Tom Clancy's HAWX

The future of Tom Clancy is all up in the air

The reason why HAWX is such an important title for Ubisoft (important enough for selected media from across the globe to descend upon their Bucharest office for the Romanian outpost's first major visit in its seventeen-year history) wasn't to be found on any fact sheet or PowerPoint display. Instead, the answer could be found on a celebratory 'Ten Years of Clancy Games' poster lurking in a darkened corner of the room.

Featuring three scowling shadows, identical but for the glow of their visors, it's almost a satire of the narrow route the Clancy licence has been funnelled down. HAWX (it stands for, er, High Altitude Warfare X - yes, we know) aims to give you a new slant on the Clancy game formula - thousands of kilometres up in the sky.


The air combat sim genre is a woefully under-represented one on console (only Ace Combat 6 and Ubisoft Romania's woolly Blazing Angels really come to mind on 360), and one that seems to fit perfectly with the hi-tech warfare that is Clancy's trademark. It's a perfectly sensible rebirth for one of Ubisoft's most cherished series. Not that they've cut all ties with the past, however...

Link to the past
Long-time Clancy fans will recall HAWX's opening mission from Ghost Recon 2 - only this time, you've got yourself a bird's-eye view of the action. Instead of ordering air assaults from the ground, you are the air assault. You can communicate with the Ghosts on the ground either via the d-pad or through actual voice commands (sadly, this feature was disabled in the version we were demoed), allowing you to share intel or plan strategic attacks on your targets. This is, however, just a taster mission. Following these events, your character leaves the US Air Forces for good. This doesn't mean you're out of the Mile High Club, however. In fact, your career's only just begun...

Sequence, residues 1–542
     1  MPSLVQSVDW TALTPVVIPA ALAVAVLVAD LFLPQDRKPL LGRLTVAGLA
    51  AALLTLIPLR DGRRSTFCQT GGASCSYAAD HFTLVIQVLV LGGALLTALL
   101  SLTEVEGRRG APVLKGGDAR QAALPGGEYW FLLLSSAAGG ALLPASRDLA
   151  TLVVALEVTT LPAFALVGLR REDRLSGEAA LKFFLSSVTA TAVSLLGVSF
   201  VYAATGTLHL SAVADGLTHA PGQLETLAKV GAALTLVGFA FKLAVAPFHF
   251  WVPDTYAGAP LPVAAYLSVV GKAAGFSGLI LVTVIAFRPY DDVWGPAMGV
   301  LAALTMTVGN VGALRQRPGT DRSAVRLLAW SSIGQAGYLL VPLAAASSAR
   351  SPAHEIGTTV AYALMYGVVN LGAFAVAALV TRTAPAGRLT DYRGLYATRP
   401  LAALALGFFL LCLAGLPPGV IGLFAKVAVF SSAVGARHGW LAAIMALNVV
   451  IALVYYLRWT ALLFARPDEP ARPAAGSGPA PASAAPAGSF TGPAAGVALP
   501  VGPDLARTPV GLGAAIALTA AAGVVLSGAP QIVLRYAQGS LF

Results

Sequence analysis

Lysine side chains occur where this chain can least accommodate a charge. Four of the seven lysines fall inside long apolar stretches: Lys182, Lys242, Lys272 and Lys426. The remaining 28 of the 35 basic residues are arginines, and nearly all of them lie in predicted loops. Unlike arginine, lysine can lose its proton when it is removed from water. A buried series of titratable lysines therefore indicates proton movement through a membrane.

After the events of the opening stage, your character joins a Private Military Company. Like other Clancy games, HAWX's storyline is fiction laced with a heavy amount of fact - in reality, PMC's are numerous and are already in effect around the globe, with the US and UK employing hundreds in Iraq alone.

The benefits of hiring a PMC over a national army are obvious; not only does it massage the relationship between governments and humanitarian-minded voters, but since PMCs consist of the best of the best, governments can usually rest assured that they're investing in quality, too. HAWX's plotline (while still heavily under wraps) explores what might happen if these PMCs evolve into real armies and begin quarrelling among themselves. Perhaps this is an eventuality we might have to face up to in real life one day. But for now, in the realm of the Xbox, what it amounts to is some rollicking dogfighting action.


Dog eat dog
HAWX seems to have found a solution to the problem that has, ahem, dogged the dogfighting genre since the beginning of time. Make it too realistic, and all you're doing is shooting dots in the sky. Go too far the other way, and you've got yourself Sega's After Burner, something so arcade-like in nature that in practical terms you can't call it a flight sim at all. HAWX's answer isn't to find itself a halfway point between these two extremes. Oh no. Instead, it has a damn good go at doing both. This it does by allowing you to switch your Enhanced Reality System - a hi-tech pilot assisting tool - on or off.

When switched to 'on', as is the default, the camera positions itself directly behind the craft and acts as your in flight guide. Your movements are restricted so you can't deviate too far from your flight path, and if you wish to bring down an enemy craft, you have to position yourself behind them and follow the proper lock-on procedures.

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